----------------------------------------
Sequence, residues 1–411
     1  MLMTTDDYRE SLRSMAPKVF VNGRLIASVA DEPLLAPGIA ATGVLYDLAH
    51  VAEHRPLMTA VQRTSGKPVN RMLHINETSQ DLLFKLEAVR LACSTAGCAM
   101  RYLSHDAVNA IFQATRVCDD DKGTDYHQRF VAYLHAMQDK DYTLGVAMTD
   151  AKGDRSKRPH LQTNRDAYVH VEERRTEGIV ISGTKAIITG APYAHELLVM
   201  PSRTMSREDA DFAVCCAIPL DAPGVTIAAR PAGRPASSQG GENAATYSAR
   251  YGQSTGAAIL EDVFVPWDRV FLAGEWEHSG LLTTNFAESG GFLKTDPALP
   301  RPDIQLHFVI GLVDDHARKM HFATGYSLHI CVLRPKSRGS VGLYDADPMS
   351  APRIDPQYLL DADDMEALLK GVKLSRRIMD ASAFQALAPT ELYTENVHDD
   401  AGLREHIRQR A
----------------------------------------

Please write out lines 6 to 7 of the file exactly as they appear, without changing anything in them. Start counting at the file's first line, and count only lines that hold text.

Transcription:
   201  PSRTMSREDA DFAVCCAIPL DAPGVTIAAR PAGRPASSQG GENAATYSAR
   251  YGQSTGAAIL EDVFVPWDRV FLAGEWEHSG LLTTNFAESG GFLKTDPALP